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Oolong is immediately recognizable due to their stout, crinkled and rolled leaf style. When infused, the tea unfurls revealing full leaves with bruised, slightly reddish edges. The light liquor and palate cleansing profile make this tea the perfect companion to a relaxed afternoon appreciating the finer things in life.
So how is it made? In Taiwan, making Oolong is considered a precious art. To make one as fine as this, requires years of formal training to master. From nursing new seedlings, to planting, nourishing the bushes, and properly selecting the best time to pluck the leaves, the intricacies of Taiwanese tea husbandry are passed down from one generation to the next. The great masters believe that it is only through the transfer of carefully protected secrets that the finest specimens can be produced. Production involves rolling the fresh leaf followed by a brief fermentation period. Once the leaves have begun to turn brown, they are fired under high heat to capture the unique and highly intricate flavor profiles. It is interesting to note that a shorter firing produces teas with an almost peach-like character while a longer firing will produce a rich amber cup with bakey notes. Classic Formosa Oolong undergoes a slightly longer firing than some others and subsequently produces a cup that is exceedingly smooth, somewhat toasty and long on the finish. An exceptional tea, entirely worthy of a celebration of its own.
Brewing for Best Results
Ideal Brewing Temperature: 190°F/88°C.
Modern Method: Bring filtered or freshly drawn cold water to 190°F/ 88°C. With an infuser, use 1 slightly heaping teaspoon of loose tea per 8 oz of fluid water. Rinse the tea first by placing enough prepared water over the leaves and leave set for 10 seconds. Discard rinse water. Do not drink. Steep 3-5 minutes according to taste (the longer the steeping time the stronger the tea).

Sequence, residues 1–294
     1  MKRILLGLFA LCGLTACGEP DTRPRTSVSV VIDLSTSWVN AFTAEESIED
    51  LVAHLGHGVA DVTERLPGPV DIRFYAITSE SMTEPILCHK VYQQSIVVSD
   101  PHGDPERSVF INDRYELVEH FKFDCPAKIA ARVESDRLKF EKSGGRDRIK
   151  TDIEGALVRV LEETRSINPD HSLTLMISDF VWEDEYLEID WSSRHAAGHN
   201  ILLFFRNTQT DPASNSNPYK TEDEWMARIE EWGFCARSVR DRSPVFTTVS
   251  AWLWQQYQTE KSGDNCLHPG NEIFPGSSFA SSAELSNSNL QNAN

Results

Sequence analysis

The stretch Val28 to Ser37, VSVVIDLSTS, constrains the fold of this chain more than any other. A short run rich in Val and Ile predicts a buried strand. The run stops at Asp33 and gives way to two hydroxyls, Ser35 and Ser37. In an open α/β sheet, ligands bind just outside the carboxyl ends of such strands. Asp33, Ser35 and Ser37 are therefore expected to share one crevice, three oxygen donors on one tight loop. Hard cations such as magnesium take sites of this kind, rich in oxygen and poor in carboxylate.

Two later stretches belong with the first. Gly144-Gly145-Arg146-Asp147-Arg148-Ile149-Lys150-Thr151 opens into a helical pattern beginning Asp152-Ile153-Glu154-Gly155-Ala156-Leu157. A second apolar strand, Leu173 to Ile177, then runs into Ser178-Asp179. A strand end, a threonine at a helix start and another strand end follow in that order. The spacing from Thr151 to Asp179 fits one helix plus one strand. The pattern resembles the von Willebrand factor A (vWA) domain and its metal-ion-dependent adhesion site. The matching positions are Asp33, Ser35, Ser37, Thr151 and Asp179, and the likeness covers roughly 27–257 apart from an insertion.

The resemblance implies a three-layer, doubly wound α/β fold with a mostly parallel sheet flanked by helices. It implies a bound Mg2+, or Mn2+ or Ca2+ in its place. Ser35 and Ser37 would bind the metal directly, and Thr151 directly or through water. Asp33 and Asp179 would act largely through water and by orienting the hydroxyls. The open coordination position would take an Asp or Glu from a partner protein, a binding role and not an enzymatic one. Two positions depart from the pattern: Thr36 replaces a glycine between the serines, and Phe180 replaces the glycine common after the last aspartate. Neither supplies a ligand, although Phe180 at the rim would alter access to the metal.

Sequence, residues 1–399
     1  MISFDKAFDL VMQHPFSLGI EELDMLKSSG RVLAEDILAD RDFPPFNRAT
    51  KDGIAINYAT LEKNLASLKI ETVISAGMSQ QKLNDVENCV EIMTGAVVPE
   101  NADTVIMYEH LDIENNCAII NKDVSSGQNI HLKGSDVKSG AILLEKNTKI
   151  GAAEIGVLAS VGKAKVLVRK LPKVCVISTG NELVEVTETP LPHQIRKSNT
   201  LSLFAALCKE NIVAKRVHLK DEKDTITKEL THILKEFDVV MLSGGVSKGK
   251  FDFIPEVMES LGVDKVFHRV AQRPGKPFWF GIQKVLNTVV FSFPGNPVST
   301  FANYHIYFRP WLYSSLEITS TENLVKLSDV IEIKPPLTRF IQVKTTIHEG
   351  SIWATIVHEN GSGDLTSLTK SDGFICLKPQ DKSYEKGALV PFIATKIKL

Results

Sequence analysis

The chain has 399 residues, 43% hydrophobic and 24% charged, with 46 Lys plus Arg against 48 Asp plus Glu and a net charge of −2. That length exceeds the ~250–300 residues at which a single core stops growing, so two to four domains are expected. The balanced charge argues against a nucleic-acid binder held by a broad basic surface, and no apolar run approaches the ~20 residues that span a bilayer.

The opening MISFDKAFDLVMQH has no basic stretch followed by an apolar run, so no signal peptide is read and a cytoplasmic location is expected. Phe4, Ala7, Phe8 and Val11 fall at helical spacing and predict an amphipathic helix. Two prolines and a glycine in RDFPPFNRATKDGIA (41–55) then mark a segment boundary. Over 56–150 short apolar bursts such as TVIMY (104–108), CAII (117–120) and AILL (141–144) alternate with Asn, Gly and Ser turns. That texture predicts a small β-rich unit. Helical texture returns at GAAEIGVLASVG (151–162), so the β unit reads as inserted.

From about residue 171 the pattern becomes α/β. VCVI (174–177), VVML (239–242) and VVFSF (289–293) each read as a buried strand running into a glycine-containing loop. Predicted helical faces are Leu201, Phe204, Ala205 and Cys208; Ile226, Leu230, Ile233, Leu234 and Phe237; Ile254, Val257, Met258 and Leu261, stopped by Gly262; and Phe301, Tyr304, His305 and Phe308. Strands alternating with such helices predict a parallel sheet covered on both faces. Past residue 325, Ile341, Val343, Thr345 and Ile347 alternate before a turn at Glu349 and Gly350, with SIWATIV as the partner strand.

Traditional Method: When preparing by the traditional method, this tea can be used repeatedly - about 3 - 4 times. Bring filtered or freshly drawn cold water to 190°F/ 88°C. Place 1 slightly heaping teaspoon of loose tea per 8 oz of fluid water. Rinse the tea first by placing enough prepared water over the leaves and leave set for 10 seconds. Discard rinse water. Do not drink. Pour the prepared water directly over the leaves after the rinse. Steep for about 2 minutes then remove leaves. Rinsing the leaves are not recommended when brewing the second or third time.
Tea(s) From: Taiwan
Region(s): Taoyuan County
Luxury Ingredients: Oolong tea
iced tea instructions
Per Serving: Bring filtered or freshly drawn cold water to 190°F/ 88°C. Place 1 slightly heaping teaspoon of loose tea per 7-9 oz of fluid water. Steep 5 minutes. Add filtered hot tea to 16 oz glass filled with ice.
Per Pitcher: Makes 1 Quart. Bring filtered or freshly drawn cold water to 190°F/ 88°C. Place 6 slightly heaping teaspoon of loose tea in a heat resistant container. Pour 1 ¼ cup of prepared water over the tea leaves. Steep 5-7 minutes. With a fine mesh sieve, filter the hot tea liquor to the serving pitcher filled with ice. Add cold filtered water to top off. (Some luxury teas will turn cloudy when poured over ice).
Making an amazing cup of tea requires several things. High quality tea, filtered or freshly drawn cold water, correct water temperature, time of infusion, and filters/infusers. Unfiltered water or too hot of water can ruin the best of teas. Always use filtered or freshly drawn cold water. Any flavor from water treatments or heavy minerals such as lime or calcium can taint the water. Brew at the ideal temperature. Too hot of water can scorch the leaves and produce a bitter brew. If you find that the tea is still bitter following the recommended brewing temperature, try lowering the brew temperature another 5 to 10 degrees. Use infusers that allow the tea leaves to fully expand and has full contact with the water. Ditch the tea bags. Know the steeping time for your tea. Too long of steeping can make your tea bitter and undesirable. Too short of time will make a weak tea. Don’t make tea in the microwave.
We strongly recommend using filtered or freshly drawn cold water brought to a rolling boil when brewing all types of tea. Today’s water has been known to carry viruses, parasites and bacteria. Boiling the water will kill these elements and reduce the potential incidence of water-borne illness. Cool the water to the ideal brewing temperature before brewing.
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